Fox’s Buck should allow McCarver more room
Fox gave one of its best production efforts in years with its telecast of baseball’s All-Star Game.
The red-carpet parade was a nice appetizer to the big event. The close-up camera shots, the interviews with dignitaries as well as players and the emotion of the gawking fans were superb. Big-time shots from the blimp gave the world a view of the Big Apple at its best.
¦ Another home run (ugh) was the player and Hall of Fame introductions. Joe Buck was the perfect in-stadium voice for this touching ceremony. If you didn’t have a tear in your eye, you don’t like baseball.
¦ Joe Buck and often-criticized partner Tim McCarver for the most part allowed the pictures of the game to tell the story. However, Buck at times tries to jam everything he knows into a broadcast. He needs to ask the old catcher more setup questions.
In addition, Fox might want to go to a three-man booth next time, for a little variety.
¦ Since I am a clothing expert, I hated the beige suit Buck wore and the contrast it had with McCarver’s deep, royal blue sports jacket. Couldn’t Fox afford to bring the wardrobe department to NYC?
I know some cheap hotels if they needed suggestions.
¦ The sold-out Home Run Derby proved that MLB has made a great comeback in the public eye.
Chris Berman, Joe Morgan and Steve Phillips excelled as the hosting trio. That being said, ESPN must re-evaluate its “sideline” reporters and dugout interviewers. Erin Andrews needs to take a deep breath before she goes on camera. I got dizzy watching her nervously move around during her interviews.
In addition, I got sicker and sicker each time she said “Thank you, Boom” and “Back to you, Boom.” Obviously, that is her cutesy nickname for the great Chris Berman. As time moves forward in the TV world, I have come to disdain sideline reporters.
Packer had outspoken, unusual style
I am a huge Billy Packer fan.
When CBS announced his departure this week from their college-basketball announcing team, it saddened me. OK, I know the TV businessand nothing lasts forever, etc., but this guy was great. I loved the deep understanding and analysis he brought to the game.
This move has been in the works for a few years. Throughout the past decade, he has been forced by management to apologize privately and publicly to people and institutions that he had offended with less-than-sensitive remarks. However, anyone who can last 27 years in the same TV job as the lead analyst is doing something right.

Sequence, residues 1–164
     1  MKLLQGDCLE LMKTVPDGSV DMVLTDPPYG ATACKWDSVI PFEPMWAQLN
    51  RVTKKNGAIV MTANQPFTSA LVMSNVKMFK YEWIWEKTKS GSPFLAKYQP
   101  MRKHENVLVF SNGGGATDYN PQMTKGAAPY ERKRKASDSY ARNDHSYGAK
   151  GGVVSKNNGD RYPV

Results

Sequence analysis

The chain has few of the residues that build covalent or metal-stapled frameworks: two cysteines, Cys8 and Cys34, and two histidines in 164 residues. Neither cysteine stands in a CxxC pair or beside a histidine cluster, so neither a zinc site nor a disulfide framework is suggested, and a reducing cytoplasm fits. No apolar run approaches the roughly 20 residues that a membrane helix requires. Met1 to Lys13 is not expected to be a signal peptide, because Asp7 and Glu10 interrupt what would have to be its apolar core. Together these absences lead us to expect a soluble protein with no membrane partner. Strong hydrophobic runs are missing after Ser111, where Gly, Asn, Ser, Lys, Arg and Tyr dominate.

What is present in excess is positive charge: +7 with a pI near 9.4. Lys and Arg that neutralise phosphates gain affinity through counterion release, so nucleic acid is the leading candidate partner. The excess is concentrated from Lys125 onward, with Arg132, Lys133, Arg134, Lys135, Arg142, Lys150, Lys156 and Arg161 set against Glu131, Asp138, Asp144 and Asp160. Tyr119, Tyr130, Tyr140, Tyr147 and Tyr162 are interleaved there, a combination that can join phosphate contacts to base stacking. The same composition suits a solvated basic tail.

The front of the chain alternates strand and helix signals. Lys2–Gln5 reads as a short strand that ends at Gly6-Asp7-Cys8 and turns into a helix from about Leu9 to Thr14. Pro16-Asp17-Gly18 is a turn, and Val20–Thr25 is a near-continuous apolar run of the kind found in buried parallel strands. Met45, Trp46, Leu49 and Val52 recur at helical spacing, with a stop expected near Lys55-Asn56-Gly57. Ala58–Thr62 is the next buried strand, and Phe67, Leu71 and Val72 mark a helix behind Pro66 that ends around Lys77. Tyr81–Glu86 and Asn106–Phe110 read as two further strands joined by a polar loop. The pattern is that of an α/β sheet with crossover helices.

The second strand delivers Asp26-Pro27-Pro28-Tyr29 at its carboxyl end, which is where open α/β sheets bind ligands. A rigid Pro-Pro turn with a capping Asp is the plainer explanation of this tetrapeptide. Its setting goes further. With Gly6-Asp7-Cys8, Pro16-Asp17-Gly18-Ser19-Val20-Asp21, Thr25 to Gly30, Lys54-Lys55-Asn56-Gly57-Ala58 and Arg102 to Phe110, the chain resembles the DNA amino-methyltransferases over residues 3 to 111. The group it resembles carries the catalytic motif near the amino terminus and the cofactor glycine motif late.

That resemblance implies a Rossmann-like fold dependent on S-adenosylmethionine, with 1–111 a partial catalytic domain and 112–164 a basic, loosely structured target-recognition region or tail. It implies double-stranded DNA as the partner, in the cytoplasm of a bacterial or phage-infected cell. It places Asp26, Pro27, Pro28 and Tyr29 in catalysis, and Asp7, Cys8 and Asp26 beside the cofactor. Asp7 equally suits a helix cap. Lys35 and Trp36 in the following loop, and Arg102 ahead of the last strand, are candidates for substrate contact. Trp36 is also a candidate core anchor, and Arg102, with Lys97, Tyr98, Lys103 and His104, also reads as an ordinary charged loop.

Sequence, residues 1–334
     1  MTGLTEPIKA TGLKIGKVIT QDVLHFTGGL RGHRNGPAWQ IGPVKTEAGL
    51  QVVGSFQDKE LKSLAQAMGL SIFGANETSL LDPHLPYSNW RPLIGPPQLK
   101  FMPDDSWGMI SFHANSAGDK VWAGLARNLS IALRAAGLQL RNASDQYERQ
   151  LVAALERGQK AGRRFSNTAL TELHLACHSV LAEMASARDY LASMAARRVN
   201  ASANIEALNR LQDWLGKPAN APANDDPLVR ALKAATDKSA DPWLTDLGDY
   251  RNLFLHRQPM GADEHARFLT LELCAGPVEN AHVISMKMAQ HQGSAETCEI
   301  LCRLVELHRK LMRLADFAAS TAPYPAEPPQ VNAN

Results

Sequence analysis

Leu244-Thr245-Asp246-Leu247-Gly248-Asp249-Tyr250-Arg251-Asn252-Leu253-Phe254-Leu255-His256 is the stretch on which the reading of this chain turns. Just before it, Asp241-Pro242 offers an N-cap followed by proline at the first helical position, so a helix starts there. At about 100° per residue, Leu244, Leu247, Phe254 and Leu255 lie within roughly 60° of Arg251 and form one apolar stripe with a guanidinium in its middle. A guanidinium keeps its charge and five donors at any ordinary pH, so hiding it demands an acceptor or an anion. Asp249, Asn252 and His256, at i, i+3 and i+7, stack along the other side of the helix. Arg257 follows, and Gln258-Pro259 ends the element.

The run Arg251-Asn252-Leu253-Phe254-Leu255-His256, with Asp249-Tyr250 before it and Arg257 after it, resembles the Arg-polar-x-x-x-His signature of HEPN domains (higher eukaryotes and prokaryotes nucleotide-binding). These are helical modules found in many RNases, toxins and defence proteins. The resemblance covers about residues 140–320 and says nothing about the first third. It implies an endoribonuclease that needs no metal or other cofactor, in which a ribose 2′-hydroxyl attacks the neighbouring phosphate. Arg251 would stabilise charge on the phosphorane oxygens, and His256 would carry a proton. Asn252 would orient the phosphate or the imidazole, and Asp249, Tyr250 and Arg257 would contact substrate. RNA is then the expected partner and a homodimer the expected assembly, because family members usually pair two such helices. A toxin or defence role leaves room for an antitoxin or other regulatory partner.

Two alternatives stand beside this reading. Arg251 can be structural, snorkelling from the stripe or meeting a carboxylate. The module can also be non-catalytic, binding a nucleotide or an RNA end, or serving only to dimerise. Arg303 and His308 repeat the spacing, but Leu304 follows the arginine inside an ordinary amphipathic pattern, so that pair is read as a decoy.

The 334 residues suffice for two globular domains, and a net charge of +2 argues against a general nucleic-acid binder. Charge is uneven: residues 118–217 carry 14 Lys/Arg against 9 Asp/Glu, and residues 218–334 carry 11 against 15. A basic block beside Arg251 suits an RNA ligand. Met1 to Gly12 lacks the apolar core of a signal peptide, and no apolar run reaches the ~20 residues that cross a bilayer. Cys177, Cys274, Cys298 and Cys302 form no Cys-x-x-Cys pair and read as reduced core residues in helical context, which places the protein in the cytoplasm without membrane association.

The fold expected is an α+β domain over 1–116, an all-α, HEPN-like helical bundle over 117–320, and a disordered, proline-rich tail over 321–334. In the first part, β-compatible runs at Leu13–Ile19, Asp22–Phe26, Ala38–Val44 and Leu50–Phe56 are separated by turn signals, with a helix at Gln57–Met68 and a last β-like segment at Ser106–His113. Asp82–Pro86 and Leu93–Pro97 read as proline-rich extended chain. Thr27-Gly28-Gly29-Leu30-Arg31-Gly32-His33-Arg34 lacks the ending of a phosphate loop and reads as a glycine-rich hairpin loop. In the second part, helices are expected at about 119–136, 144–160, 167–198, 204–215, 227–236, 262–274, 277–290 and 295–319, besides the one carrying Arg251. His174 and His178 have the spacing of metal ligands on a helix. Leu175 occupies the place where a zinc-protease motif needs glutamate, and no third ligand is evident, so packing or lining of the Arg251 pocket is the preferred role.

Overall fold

Clark Kellogg, his replacement, is sharp, well-spoken and has a deep basketball background. However, he will not bring the entertainment value that the independently wealthy, outspoken, candid Billy Paczkowski (his birth name) brought to the booth with the straight-laced Jim Nantz.
One of the reasons Packer always said what was on his mind was because money and job security were never high on his list of priorities. I love the story of how years ago he hired a private eye [Magnum PI] to try to find the knife used in the O.J. Simpson murder case.
The best thing for Kellogg will be that he is going be sitting next to Nantz, who is the most versatile and well-respected play-by-play man in all of television. In reality, no one watches the Final Four tournaments because of the announcers.
As if he needed more airtime, the popular TV-radio personality’s morning show on KNBR (680 AM) will be telecast on Comcast SportsNet West from 9 a.m. to noon. It will not be on Comcast SportsNet Bay Area. Radnich has been with KNBR for almost 17 years and sports director at KRON (Ch. 4) for more than 20 years.
The venerable NBC host will guide viewers for the seventh time as the network’s primetime Olympics host, but with a little twist — he will be out and about quite a bit more. A spokesman for NBC, which will have 106 on-air announcers, said “Having your signature Olympics voice at the big events makes a lot of sense.”
ONE TO WATCH
NEXT STEP? Can Rocco Mediate do it again? After losing a dramatic playoff to a gimpy Tiger Woods, Mediate surprisingly jumped out to the lead at the British Open in search of his first major victory. TNT began coverage at 3 a.m. today, but you can catch the finish on KGO (Ch. 7).
Artie Gigantino spent 25 years as a coach at the major-college and NFL levels, was lead college-football analyst for Fox Sports Net for seven years, was with CBS for one year and was an executive with the Raiders for three years. E-mail him at firstname.lastname@example.org.